Power dissipation in resistors is pretty easy to calculate, but what about semiconductors and ICs? For components where the resistance isn’t known or changes — such as for an FET — you can’t easily use I^{2}R. In these cases, use V x I. And that works for resistors, too! **Table 1** shows a list of equations for heat generation in some common electronic components.

- Resistor — P
_{d}= I^{2}x R = V^{2}/ R = V x I - Diode, SCR, or TRIAC — P
_{d}= V_{f}x I_{avg}where Vf is forward voltage drop and Iavg is average forward current - Transistor — P
_{d}= V_{CE}x I_{C}(bipolar) P_{d}= V_{GS}x I_{D}(FET) - Inductor, Capacitor, Transformer — P
_{d}= I^{2}x R_{LOSS} - Solenoid or Relay — P
_{d}= I^{2}x R_{COIL}

**TABLE 1.** Heat Generation in Common Electronic Components.

If a resistor is carrying AC current, use RMS values for voltage and current. For either DC or AC currents that are intermittent, multiply P_{d} by the duty factor of the current. For example, if a resistor only carries current in pulses that are on one-tenth of the time, multiply P_{d} by 0.1.

For semiconductors, you’ll have to figure out the average current flow and voltage. This can seem daunting in AC circuits, but there is a shortcut that overstates the heat load, leading to a conservative design. For example, let’s estimate the heat dissipation in a rectifier that is on for one half-cycle and off for the other half-cycle. Multiply the peak current by the maximum forward voltage — this assumes full heat generation whenever the diode is conducting — then divide by two to account for the 50% duty factor.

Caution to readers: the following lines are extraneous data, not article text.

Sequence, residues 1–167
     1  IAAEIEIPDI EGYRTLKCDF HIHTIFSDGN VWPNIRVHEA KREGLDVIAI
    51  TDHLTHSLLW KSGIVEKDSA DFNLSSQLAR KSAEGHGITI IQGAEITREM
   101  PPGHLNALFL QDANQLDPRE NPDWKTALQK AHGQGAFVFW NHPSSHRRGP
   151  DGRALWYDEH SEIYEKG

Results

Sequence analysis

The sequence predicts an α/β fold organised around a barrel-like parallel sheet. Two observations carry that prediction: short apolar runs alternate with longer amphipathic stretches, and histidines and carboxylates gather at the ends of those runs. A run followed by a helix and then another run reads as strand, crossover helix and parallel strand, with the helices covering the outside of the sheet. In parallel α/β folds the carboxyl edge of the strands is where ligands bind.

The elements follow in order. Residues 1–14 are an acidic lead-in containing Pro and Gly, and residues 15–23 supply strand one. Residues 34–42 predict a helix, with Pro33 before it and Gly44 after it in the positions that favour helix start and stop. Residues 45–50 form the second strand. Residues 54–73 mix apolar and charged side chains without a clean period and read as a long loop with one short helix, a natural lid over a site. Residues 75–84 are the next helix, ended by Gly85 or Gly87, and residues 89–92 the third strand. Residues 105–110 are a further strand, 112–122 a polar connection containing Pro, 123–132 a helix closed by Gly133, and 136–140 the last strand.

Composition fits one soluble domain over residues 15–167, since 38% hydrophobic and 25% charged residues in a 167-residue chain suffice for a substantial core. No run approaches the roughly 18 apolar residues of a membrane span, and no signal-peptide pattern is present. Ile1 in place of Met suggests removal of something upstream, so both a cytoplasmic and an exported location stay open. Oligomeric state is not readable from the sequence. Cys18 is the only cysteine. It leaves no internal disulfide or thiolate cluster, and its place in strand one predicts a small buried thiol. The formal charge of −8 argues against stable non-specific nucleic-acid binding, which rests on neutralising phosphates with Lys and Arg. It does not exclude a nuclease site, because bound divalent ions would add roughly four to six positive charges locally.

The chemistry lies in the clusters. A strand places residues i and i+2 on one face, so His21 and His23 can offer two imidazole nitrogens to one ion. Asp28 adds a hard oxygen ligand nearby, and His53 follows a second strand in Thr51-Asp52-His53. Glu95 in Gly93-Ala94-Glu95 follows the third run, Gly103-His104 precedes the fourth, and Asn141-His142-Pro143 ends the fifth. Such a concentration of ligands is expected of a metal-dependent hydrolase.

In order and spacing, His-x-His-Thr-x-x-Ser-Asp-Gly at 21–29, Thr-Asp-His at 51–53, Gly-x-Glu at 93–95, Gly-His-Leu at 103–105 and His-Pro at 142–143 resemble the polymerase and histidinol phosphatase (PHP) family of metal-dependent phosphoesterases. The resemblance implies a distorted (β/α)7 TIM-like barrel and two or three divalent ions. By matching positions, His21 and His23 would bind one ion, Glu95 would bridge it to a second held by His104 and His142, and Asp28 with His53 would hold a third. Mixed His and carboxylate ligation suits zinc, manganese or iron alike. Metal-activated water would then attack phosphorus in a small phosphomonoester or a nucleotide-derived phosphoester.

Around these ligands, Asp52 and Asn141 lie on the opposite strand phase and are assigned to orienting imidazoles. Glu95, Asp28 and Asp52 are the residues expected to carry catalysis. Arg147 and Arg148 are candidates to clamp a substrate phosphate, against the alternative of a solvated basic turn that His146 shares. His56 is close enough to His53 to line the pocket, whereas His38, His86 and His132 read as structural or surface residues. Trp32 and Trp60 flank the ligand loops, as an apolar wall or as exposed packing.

This overstates the actual amount of heat generated, which reaches the maximum value at the peak of the current, but is less at other times. If you design for the estimated heat load, your components will run much cooler. Heating in other AC circuits can be estimated in similar fashion.

For estimating an IC’s power dissipation, total the power dissipation from each significant source of heat — usually the output circuits. Calculate the power assuming the IC output is a transistor. Don’t forget to include power dissipated by the IC’s other circuitry — multiply the power supply voltage times current drawn by the IC.

Resistors and capacitors generate heat throughout or along their bodies. They are rated for some maximum continuous power dissipation (P_{dmax}) such as for a half-watt resistor. P_{dmax} is also specified at a specific ambient temperature because that determines the temperature at one end of the component’s thermal resistance string.

Diodes and transistors generate heat in the very small volume of the junctions or channels that conduct current. This is generally referred to as the “junction” and is abbreviated as ‘j.’ Thermal resistance in these components from the heat-generating junction to the surrounding — or ambient conditions — is written as θ_{ja}.

This is sometimes referred to as the free-air thermal resistance because it represents the total thermal resistance between the junction and the ambient air, including all of the intervening package and mounting material.